FIG. 5 illustrates how the voltages—applied to the respective three-phase coils—undergo a pulse-width modification (PWM). In FIG. 5, comparators 41, 43, 45 compare, in voltages, carrier signal CY produced by chopping-wave oscillator 47 with driving waveform signals U0, V0, W0 of respective phases produced by driving-waveform generator 80. PWM voltage-waveforms of Vu, Vv, Vw as shown in FIG. 5 are applied to output terminals Vu, Vv, Vw, i.e., the respective first terminals of the three-phase coils, via on-delay 40, gate driver 30 and power feeder 20. In actual, the foregoing PWM voltage waveforms are applied to respective phase-coils; however, in average, the waveforms similar to the waveforms of driving waveform signals U0, V0, W0 are applied, so that the three-phase coils are driven by the ac of sine-wave having 120 degrees phase difference from each other, i.e., driven by phase currents Iu, Iv, Iw.

As discussed above, respective phase currents running through the three-phase coils can be thus switched smoothly, and three-phase torque synthesized can be uniformed regardless of a rotating angle. As a result, a motor driver generating smaller torque ripple, fewer vibrations and lower noises is obtainable.

The driving waveform signals U0, V0, W0 for obtaining an ac of sine-wave can be generated by a simple structure, where selector 85 selects a voltage level from levels L0-L9 set by series resistors 87 disposed in driving waveform generator 80 shown in FIG. 1. It does not need memories such as a ROM, or a D/A converter. Therefore, the driver can be obtained at an inexpensive cost.

On the other hand, phase advancing controller 50 receives detection voltage “VIcom” of common current “Icom” running through common-current detecting resistor 27. Based on the information included in voltage VIcom, phase current comparator 60 disposed in controller 50 compares two phase currents with each other running through the two coils out of three-phase coils, and supplies the resulting signal CPI to phase advancing operator 70. Operator 70 adjusts the phases of driving waveform signals U0, V0, W0 responsive to a value of signal CPI at the zero-cross timing of back electromotive force (BEMF) induced in the phase coils. This phase adjustment is called as the phase advancing control.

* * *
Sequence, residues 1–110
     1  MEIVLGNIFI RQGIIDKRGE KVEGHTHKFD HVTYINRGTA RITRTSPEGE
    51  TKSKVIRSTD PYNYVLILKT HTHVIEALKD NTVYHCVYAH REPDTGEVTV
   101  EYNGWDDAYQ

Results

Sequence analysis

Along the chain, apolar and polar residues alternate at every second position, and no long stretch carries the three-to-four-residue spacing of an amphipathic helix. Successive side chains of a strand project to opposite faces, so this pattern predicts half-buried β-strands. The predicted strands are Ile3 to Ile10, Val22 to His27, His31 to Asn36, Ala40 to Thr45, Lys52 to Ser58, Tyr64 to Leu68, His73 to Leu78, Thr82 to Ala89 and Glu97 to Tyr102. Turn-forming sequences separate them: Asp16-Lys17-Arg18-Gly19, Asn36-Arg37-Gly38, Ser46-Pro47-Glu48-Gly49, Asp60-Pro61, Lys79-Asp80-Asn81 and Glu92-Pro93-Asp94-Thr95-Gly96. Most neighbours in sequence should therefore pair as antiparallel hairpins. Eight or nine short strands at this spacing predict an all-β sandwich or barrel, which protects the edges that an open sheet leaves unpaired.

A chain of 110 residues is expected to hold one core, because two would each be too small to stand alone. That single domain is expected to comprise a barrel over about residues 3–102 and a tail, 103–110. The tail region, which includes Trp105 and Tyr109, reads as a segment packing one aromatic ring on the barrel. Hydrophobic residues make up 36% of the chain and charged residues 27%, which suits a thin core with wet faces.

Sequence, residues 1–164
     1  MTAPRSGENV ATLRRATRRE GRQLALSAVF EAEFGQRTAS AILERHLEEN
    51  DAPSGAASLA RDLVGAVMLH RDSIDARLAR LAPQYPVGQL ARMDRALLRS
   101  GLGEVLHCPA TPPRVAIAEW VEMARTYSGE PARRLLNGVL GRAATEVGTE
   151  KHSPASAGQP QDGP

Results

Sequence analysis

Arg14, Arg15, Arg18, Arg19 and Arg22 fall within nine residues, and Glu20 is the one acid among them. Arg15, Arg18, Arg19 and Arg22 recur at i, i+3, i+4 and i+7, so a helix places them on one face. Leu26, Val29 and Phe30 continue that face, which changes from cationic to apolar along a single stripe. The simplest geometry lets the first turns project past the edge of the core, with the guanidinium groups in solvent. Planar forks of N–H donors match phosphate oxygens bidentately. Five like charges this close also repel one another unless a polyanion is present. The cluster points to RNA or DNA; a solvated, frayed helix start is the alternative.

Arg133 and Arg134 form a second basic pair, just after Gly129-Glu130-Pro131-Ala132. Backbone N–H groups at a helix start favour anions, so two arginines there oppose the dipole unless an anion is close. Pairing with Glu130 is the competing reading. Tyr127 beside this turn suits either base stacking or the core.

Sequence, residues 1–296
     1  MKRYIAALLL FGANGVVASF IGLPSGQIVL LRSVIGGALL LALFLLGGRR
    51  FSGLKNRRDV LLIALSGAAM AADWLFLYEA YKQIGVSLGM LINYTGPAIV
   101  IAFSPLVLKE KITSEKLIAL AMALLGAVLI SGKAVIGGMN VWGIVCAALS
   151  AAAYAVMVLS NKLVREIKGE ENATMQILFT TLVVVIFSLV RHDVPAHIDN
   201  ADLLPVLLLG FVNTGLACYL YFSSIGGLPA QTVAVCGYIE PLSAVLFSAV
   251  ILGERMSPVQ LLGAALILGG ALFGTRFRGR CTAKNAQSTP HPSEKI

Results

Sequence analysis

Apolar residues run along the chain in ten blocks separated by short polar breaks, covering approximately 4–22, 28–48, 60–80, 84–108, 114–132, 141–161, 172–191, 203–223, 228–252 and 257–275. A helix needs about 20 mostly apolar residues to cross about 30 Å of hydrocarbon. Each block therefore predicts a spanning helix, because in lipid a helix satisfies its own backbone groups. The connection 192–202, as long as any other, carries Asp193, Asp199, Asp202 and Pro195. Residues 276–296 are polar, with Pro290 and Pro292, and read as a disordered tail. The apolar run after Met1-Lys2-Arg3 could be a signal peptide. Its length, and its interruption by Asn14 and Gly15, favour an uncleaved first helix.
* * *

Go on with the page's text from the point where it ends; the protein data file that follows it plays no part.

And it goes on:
This phase advancing control makes a phase of BEMF of respective phase coils coincide with a phase of the phase current running though the respective coils, so that the motor can be driven always at an optimal efficiency in any circumstances.

The fundamental circuit, its operation and the advantages of the first exemplary embodiment are hereinbefore described. Next, phase advancing controller 50 is detailed in structure and operation.

As shown in FIG. 1, phase advancing controller 50 comprises phase current comparator 60 and phase advancing operator 70. Phase current comparator 60 includes structural elements 61-67. In comparator 60, differential amplifier 61 amplifies detected voltage “VIcom” to a voltage appropriate for a succeeding circuit to process signals with ease. Meanwhile, voltage “VIcom” is produced by common current “Icom” running through a feeder line on a negative side of dc power supply 10. An output from differential amplifier 61 is supplied to a first input terminal of comparator 65, and also, to a second input terminal via sample & hold circuit 67 formed of analog switch 63 and capacitor 64. Sample & hold circuit 67 samples voltages supplied from amplifier 61 and holds them in capacitor 64 with pulse signal SPL1 supplied from sample pulse generator 62. Generator 62 outputs signal SPL1 when output signals G1H, G1L, G2H, G2L, G3H, G3L from on-delay 40 become a given status described later. When output signals G1H, G1L, G2H, G2L, G3H, G3L become another given status than the forgoing given one, generator 62 outputs pulse signal SPL2, which is supplied to clock input terminal (C) of D-type flip-flop 66. An output from comparator 65 is supplied to data input terminal (D) of flip-flop 66, and an output of D-type flip-flop 66 is supplied to phase advancing operator 70 as output signal CPI supplied from phase current comparator 60.